The important part is, when you choose a winner, feature that winner’s content. Give them a prize, if you have one. Otherwise, being chosen as a winner is the prize all on its own. Promise to link to the business of anyone who wins, for a little added kick.
A monthly contest, ongoing, with a different theme but the same general rules every time, will draw a crowd. The first few months may be small, but as word of mouth grows, particularly from past winners, you’ll have more and more entries. Each time you pick a winner to feature, you tell everyone else that hey, maybe they have a shot. After all, they can do better than the one you picked, right? You’ll have people liking your page so they can enter, and others liking the page just to see past entries and winners.
4. Coupons for Followers
How about something a little simpler, a little easier? Don’t bother with any of those fancy apps. Don’t bother running a contest. You don’t need to go through the trouble of verifying posts and removing spam accounts from your entries.
Create a new custom tab and gate that tab behind a like, just as you do with normal gated content. What do you do with this tab? Regularly publish coupons and special offers in that tab, offers that can’t be found anywhere else.
What’s the stop a dedicated user from taking your coupon codes and reposting them on deal sites? The answer is nothing, unless you make everything dynamic. It takes a little more work, but you can hard-code coupons or deals into the URL, if your shopping cart system allows it. Users will need to click the actual link to generate a one-time short-duration code that gives them the deal. It’s almost not worth it; many users who find your site through a deals page will go on to like your page just to have first crack at later coupons.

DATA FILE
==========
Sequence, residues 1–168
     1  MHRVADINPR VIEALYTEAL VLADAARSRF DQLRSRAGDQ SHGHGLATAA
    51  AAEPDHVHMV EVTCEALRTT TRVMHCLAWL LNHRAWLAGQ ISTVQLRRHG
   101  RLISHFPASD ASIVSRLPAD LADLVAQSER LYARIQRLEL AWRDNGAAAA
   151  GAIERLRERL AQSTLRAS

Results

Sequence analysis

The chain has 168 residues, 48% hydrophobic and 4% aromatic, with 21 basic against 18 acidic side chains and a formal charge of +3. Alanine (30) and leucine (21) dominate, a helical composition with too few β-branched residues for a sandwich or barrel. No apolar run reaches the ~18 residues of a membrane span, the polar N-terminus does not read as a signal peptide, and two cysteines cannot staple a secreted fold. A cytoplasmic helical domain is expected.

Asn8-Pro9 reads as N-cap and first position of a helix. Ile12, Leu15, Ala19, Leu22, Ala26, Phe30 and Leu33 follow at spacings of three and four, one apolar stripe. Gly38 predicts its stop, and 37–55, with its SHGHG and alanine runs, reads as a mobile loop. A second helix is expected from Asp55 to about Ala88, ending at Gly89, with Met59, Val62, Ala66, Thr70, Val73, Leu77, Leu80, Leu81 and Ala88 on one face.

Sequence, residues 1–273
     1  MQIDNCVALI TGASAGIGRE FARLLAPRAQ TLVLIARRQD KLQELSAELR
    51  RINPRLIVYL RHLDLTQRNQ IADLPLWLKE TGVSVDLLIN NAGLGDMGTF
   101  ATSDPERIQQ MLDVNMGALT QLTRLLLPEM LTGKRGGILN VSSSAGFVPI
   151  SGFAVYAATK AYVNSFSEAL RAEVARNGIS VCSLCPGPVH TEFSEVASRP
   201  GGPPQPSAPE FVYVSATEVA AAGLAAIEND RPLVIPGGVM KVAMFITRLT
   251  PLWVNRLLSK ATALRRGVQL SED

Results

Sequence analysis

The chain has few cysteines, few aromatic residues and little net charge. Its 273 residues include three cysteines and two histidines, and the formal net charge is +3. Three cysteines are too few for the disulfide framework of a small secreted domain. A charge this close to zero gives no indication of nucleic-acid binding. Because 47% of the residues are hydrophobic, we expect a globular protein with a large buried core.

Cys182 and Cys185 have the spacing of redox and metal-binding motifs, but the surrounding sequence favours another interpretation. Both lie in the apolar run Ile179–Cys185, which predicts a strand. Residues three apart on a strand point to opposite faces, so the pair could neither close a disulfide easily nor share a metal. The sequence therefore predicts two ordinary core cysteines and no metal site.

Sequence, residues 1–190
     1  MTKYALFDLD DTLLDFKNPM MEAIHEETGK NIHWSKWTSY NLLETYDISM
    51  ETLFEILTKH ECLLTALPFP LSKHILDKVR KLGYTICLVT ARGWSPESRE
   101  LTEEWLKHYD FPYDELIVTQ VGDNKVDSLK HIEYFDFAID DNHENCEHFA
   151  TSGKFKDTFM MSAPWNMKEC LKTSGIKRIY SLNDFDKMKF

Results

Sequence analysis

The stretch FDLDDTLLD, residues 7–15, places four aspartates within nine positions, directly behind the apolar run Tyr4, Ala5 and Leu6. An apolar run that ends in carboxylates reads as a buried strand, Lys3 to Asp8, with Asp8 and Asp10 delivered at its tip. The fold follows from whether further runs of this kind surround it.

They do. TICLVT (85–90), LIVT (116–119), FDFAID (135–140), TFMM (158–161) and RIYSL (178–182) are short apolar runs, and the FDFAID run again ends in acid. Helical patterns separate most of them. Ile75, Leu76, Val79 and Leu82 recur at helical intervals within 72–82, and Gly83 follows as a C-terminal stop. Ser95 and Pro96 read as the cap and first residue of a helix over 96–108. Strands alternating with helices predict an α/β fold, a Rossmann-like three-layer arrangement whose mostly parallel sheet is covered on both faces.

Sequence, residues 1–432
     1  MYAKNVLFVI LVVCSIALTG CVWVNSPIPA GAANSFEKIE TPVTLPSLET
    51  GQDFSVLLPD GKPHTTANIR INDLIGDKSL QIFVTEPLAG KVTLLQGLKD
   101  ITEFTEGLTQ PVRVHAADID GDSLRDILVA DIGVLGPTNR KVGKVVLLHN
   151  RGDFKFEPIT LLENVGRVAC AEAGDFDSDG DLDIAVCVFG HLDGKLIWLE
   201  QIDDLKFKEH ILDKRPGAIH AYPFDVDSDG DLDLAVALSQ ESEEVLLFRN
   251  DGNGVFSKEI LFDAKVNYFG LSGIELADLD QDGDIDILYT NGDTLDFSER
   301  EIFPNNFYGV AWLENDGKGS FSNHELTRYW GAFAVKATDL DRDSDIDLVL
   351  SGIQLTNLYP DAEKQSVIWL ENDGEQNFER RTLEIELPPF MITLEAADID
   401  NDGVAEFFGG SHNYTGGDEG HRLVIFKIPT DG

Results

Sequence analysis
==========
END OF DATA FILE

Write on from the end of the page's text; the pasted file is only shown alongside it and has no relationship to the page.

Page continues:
5. Stickers, Badges and Achievements
What if you don’t want to feature your users – or have too few submissions to sustain such a contest for long – and you don’t have the profit margins to give out regular discounts or products? Why not go the extra mile and turn your Facebook page into a game?
Start by creating an app that keeps track of progress. Create a whole pile of badges, stickers or whatever. Meaningless graphics with point values attached if you like. Play on the urge people have to compete with each other. Reward badges for various engagement factors, such as commenting on a post, sharing a post, liking a post, following you on Twitter or whatever else.
It’s up to you if you host a leaderboard or give out prizes to the people who complete their boards first. Just be aware that you need to verify the metrics that earn badges, or some people will try to game the game.
6. Idea Crowdsourcing
There are a few big name companies out there who use their audience as a source for ideas, and twist it around to look like it’s a benefit to the customer. In a way, it sort of is; if a user has a winning idea for a product they want, and you pick their idea and make the product, they win by having the product available. You might even consider giving the person identified as the originator of the idea a free copy, just to add that much more incentive to create unique ideas.
Create a place where users can submit ideas and vote for the best ideas. Consider implementing the best ideas, and give credit to the idea originator. Users will compete to get their favorite ideas implemented with recognition, and it’s a free source of inspiration for your business.